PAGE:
• Rethinking Higher Education

    Peter Smith's take on opportunity and access in higher education, the unmet challenges that remain, and the future that lies ahead for those willing to tackle it.

Maturing Practice: Yellowdig

One way to make sure online learning meets the learner's need for community.

May 13, 2020
 

There are those who worry that online and blended learning are incompatible with the learner’s basic need for community, including social interaction with the teacher and other students. And while I question whether those needs are well met in many traditional classroom settings, the underlying point is absolutely correct. Learning is a social as well as an intellectual and experiential activity. And learning environments that are short on community engagement and personal support will be, generally, less successful that those that are not.

With those quality aspects in mind, Yellowdig is a strong response to that concern. It is also a great example of how the forces that are disruptive to existing models and practices can also be harnessed to create quality and accountability that heretofore would have been impossible to achieve.

The most notable overall characteristic of Yellowdig Engage, their newest product, is that it is utterly adaptable across courses, career services and nonacademic activities, including alumni affairs. It can serve a campus, online or blended educational model. And it generates a level of engagement that would be unattainable in a traditional classroom or online setting.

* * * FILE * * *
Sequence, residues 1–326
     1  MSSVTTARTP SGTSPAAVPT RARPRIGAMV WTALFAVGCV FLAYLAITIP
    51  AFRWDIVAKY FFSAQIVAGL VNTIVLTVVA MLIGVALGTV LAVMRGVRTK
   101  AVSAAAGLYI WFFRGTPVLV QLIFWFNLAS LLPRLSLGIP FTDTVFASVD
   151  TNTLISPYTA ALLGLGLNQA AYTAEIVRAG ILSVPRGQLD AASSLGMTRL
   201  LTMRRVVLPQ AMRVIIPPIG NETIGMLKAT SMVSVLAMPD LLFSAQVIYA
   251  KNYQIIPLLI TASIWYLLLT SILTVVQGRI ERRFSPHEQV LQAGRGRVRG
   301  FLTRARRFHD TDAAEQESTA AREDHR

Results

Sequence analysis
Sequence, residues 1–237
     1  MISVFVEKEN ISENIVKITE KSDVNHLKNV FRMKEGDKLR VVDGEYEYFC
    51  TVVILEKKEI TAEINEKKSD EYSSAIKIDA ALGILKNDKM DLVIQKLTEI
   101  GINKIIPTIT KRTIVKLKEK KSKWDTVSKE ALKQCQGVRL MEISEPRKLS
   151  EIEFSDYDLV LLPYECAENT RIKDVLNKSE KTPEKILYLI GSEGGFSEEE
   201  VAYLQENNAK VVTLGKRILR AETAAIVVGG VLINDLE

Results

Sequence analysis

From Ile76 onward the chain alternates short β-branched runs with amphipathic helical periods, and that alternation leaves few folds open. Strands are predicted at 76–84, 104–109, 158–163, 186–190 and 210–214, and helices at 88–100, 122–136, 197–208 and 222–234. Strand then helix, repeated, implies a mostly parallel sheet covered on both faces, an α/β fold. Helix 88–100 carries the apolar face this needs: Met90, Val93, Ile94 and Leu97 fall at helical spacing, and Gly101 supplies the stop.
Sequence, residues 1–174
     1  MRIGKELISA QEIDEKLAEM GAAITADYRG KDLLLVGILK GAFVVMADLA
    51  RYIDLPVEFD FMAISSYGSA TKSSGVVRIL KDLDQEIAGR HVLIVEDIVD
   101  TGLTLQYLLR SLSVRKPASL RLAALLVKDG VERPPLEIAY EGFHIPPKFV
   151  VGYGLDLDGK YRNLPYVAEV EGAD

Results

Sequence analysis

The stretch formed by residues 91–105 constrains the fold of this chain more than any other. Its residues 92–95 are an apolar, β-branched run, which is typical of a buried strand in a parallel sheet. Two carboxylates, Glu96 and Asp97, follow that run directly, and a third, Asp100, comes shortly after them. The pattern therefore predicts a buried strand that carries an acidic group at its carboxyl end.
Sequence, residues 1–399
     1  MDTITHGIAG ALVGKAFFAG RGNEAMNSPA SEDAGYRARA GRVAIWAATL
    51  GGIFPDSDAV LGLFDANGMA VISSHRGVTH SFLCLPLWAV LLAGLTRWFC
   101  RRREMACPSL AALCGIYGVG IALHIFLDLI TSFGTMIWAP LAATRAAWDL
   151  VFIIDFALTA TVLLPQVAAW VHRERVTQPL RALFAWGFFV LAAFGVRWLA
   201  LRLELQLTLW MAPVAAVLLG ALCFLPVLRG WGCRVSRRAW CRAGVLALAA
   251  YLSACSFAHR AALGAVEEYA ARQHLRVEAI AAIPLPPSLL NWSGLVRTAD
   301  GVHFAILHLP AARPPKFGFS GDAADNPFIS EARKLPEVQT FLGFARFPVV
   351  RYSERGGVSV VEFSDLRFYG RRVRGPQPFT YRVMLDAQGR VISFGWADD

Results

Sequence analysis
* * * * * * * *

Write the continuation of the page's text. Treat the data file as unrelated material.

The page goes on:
The notion that learners can talk with each other and their teacher before, during and/or after the course or the activity that they are engaged in is as humanizing as it is powerful. And for educators trying to get information to potential students without calling a meeting, the value is significant.

Consider this admittedly fictional scenario: a rural state is struggling to increase the college-going rate of its high school graduates. But a plethora of obstacles makes progress difficult. One problem is that rural schools are not sufficiently resourced to teach Algebra 2, thus impeding students who want to pursue a technical certificate or degree after graduation. College A in that state puts together a strong Algebra 2 course and offers it online to all the schools in the state. Now we have strong content and a strong central instructor.

Embedded in a Yellowdig Engage community, all the students taking the course can be in conversation with each other and their teacher. They can ask for help, get their work critiqued or problem solve in other ways. They are engaged instead of being isolated, energized instead of being frustrated.

Or, the same state has trouble because high school students are scared away from higher education because of perceived excessive expenses and a FAFSA form that is truly daunting. But College A, or the state financial aid authority, offers a Financing Higher Education and Filling out FAFSA class embedded in a Yellowdig Engage community that includes parents and students. Now questions can be asked, concerns allayed and real answers given either in large group or individual conversations.

Neither of these examples is based on actual postsecondary experience. But they suggest how building community can help across the whole spectrum of educational problems and opportunities.

Online and blended activity no longer have to be lonely and isolated thanks to Yellowdig, a maturing practice.

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